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Analysis of Risk Tolerance of the Systemically Important Russian Companies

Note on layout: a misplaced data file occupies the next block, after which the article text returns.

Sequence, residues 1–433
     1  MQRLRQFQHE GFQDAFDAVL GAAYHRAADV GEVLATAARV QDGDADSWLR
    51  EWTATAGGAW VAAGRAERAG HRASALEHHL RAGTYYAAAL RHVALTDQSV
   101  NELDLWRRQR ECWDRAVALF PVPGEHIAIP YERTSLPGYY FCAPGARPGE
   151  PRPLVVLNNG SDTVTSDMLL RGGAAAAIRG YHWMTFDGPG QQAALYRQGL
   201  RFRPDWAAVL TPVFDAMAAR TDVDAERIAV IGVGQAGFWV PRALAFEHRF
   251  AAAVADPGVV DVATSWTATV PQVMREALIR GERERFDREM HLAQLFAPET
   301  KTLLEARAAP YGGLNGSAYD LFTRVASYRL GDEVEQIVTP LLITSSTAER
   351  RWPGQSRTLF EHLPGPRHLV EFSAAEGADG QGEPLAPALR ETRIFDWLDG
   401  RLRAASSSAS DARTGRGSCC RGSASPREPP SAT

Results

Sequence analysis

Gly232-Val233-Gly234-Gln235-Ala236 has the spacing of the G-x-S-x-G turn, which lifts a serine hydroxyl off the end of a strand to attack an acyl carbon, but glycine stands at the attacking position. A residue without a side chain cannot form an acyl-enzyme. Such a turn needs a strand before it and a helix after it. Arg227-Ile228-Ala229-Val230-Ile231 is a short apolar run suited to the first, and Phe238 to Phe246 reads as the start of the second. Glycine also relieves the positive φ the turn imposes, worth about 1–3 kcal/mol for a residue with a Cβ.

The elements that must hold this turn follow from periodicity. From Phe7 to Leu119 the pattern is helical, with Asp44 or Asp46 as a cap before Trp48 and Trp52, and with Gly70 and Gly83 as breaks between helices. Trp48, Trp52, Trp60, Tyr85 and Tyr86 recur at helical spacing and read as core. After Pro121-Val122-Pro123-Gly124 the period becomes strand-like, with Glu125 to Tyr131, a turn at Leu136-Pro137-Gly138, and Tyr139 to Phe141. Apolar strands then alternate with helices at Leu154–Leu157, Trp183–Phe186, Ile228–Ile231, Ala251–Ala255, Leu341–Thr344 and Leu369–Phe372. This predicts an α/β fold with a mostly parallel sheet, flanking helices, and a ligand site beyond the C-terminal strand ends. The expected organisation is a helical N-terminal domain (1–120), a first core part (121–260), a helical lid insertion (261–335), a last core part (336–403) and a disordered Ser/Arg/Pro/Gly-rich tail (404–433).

The current position of our country in the global economy and the recent financial crisis have shown the need for a comprehensive study of the practice of risk management in companies. In the phase of economic crises, the risk of insolvency of the company is most acute and may provoke the collapse of the country's largest enterprises. In Russia, the issues of the governmental support for large companies are regulated by the List of the systemically important enterprises. This creates the notion that that such “too big-to-fail” policies distort the risk incentives of such firms. This means that crisis and risk management in companies are often ineffective and firm may take excessive risks. Thereby, this paper investigates the link between the firm size, governmental support and risk-taking among Russian enterprises during the period of 2013—2017 and make three conclusios. First, size is positively correlated with risk-taking measures even when controlling for other firm characteristics. Second, the level of the company's insolvency risk depends on the motivation of a member of the Board of Directors. Respectively, in all estimated specifications, governance variable, measured as the median director ruble stockholding, has a substantial impact on reducing firms’ risk-taking. Third, companies with the status of systemically important, tend to take more risk. These findings suggest the need to expand counterclaims to enterprises and their shareholders for financial recovery in case of governmental support and guarantees.